Delighted to open this blog tour today
21 September 2021
My thanks to the publishers and FmcM Associates for my copy of the book
and the invitation to the blog tour
Morocco, 1941. With France having fallen to Nazi occupation, twelve-year-old Josie has fled with her family to Casablanca, where they await safe passage to America. Life here is as intense as the sun, every sight, smell and sound overwhelming to the senses in a city filled with extraordinary characters. It’s a world away from the trouble back home—and Josie loves it.
Seventy years later, another new arrival in the intoxicating port city, Zoe, is struggling—with her marriage, her baby daughter and her new life as an expat in an unfamiliar place. But when she discovers a small wooden box and a diary from the 1940s beneath the floorboards of her daughter’s bedroom, Zoe enters the inner world of young Josie, who once looked out on the same view of the Atlantic Ocean, but who knew a very different Casablanca.
It’s not long before Zoe begins to see her adopted city through Josie’s eyes. But can a new perspective help her turn tragedy into hope, and find the comfort she needs to heal her broken heart
This dual time story starts off with a real sense of time and place as all the heat and colourful atmosphere of modern day of Casablanca comes vibrantly to life. Zoe Harris is relatively new to Casablanca and we immediately start to see the city through her, rather uncertain, eyes as she tries to become accustomed to living in this strange new country. Whilst her husband is at work Zoe is left much to her own devices and she cuts something of a lost, and rather lonely, figure and with deepening cracks appearing in her already troubled marriage, she turns for comfort to the pages of an old journal that she found hidden beneath the floorboards of her baby's daughter's bedroom.
In 1941 during the momentous years of the Second World War, twelve-year old Josie Duval and her family have fled France and escaped to Casablanca to escape Nazi persecution. In Casablanca, they find a peace, of sorts, but although their diminishing wealth gives them a life of some comfort it is far from settled especially when Josie discovers that her family are being drawn into clandestine activity which places them all in grave danger. In her journal, Josie shares her hopes and dreams, her love for books and storytelling, and her fears for her family's safety in a world which seems to be increasingly dangerous.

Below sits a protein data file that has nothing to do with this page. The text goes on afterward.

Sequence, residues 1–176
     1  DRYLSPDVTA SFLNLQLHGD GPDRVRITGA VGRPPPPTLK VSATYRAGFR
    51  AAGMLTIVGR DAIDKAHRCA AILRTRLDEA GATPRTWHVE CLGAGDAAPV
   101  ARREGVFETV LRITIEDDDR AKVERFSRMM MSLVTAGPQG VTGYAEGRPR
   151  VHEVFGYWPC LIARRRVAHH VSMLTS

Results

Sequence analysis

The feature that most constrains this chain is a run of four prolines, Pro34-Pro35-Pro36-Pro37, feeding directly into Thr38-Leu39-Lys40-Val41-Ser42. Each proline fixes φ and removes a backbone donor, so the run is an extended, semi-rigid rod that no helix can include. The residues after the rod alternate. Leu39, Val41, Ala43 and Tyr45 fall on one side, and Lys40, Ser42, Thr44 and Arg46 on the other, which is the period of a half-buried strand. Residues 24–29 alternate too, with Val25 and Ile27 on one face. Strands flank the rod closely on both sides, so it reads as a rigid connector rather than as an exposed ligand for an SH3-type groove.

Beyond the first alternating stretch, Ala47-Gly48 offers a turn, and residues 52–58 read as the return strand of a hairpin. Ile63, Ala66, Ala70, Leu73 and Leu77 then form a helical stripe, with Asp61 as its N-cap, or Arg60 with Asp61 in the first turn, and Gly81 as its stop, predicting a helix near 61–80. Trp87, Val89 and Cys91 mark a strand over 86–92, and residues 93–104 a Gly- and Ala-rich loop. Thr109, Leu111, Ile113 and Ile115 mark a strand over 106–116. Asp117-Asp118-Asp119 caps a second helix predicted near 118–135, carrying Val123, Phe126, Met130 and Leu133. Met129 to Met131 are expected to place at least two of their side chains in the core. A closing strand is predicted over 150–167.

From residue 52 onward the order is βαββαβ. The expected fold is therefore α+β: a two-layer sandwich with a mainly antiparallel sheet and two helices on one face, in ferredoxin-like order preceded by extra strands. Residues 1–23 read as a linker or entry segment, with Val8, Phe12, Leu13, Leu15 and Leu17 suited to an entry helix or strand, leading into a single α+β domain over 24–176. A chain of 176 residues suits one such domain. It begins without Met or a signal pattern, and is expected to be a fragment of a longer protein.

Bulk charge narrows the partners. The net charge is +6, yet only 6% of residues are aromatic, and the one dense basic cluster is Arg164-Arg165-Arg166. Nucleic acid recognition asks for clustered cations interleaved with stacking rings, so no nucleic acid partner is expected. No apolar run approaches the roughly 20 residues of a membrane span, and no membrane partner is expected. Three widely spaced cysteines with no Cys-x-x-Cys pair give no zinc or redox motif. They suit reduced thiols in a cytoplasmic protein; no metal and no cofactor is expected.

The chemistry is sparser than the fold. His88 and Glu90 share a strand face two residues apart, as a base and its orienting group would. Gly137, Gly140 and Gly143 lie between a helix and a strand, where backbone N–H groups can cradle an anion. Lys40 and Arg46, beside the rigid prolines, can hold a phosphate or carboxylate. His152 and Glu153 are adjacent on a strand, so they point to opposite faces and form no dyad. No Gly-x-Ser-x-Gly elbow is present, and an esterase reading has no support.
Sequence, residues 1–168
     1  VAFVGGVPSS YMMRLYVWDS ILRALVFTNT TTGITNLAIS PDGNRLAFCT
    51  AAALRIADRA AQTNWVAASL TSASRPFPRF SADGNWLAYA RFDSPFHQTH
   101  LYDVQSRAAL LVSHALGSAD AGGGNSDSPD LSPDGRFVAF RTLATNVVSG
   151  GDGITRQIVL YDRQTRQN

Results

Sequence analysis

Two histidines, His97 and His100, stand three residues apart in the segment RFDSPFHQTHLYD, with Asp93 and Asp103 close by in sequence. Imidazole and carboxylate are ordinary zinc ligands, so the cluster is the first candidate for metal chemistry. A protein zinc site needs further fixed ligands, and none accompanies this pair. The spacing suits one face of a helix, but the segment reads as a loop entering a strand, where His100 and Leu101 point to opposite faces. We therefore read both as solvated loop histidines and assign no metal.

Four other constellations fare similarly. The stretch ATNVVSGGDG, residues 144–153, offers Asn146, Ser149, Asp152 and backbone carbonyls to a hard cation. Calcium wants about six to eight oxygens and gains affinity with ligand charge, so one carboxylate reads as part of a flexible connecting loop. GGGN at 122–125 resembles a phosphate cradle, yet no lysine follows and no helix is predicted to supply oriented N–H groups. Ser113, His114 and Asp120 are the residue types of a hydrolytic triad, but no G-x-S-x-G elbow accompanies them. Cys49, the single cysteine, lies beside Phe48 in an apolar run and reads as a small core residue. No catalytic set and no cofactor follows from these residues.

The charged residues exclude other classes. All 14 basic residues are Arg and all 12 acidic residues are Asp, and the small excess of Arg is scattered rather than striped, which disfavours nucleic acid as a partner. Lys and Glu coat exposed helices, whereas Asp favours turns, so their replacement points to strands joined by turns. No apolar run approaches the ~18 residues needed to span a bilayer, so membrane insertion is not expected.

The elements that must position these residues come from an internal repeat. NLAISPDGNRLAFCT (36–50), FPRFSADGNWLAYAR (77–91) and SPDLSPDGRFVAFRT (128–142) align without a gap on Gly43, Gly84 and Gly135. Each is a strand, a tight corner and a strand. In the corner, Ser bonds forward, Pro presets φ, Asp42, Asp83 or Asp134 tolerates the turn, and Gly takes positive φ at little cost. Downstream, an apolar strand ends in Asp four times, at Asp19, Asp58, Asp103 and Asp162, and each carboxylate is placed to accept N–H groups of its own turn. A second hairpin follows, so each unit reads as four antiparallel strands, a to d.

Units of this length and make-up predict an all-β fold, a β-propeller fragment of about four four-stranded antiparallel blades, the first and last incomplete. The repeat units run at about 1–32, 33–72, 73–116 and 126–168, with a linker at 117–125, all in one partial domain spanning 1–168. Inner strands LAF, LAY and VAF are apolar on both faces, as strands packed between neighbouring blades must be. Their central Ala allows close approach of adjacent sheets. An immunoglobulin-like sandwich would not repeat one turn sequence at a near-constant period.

This is such a strong story which works perfectly well as a modern day look at a marriage which is going nowhere and where sadness is a barrier to future happiness, whilst at the same time bringing to life the fear, and confusion, of living through a time of great change, when danger lurked in hidden corners, and when deadly enemies were sometimes people who you knew well. I was equally absorbed in both time frames for although Zoe and Josie are separated by age, time and circumstances reading Josie's journal gave Zoe the confidence to make changes to her own way of life. Josie found so much comfort in adding her private thoughts of what it was like to be in Casablanca during such a dangerous time.
Meticulously researched, The Storyteller of Casablanca a heartwarming, and absorbing, story by an author who truly knows how brings the past alive. The story combines an authentic sense of time and place and brings to life two fascinating female characters whose individual stories will remain with you long after the last page is turned.
Fiona Valpy spent seven years living in France, having moved there from the UK in 2007 before returning to live in Scotland. Her love of both these countries, their people and their histories, has found its way into the books she has written. She draws inspiration from the stories of strong women especially during the years of the Second World War, and her meticulous historical research enriches her writing with a wonderful sense of time and place.
Twitter @FionaValpy #TheStorytellerOfCasablanca #BlogTour
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